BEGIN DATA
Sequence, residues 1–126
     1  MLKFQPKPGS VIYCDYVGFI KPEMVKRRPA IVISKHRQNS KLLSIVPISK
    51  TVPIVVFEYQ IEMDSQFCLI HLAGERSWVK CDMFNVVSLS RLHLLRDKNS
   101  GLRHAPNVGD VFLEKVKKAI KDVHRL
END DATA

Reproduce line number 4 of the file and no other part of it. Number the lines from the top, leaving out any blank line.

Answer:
   101  GLRHAPNVGD VFLEKVKKAI KDVHRL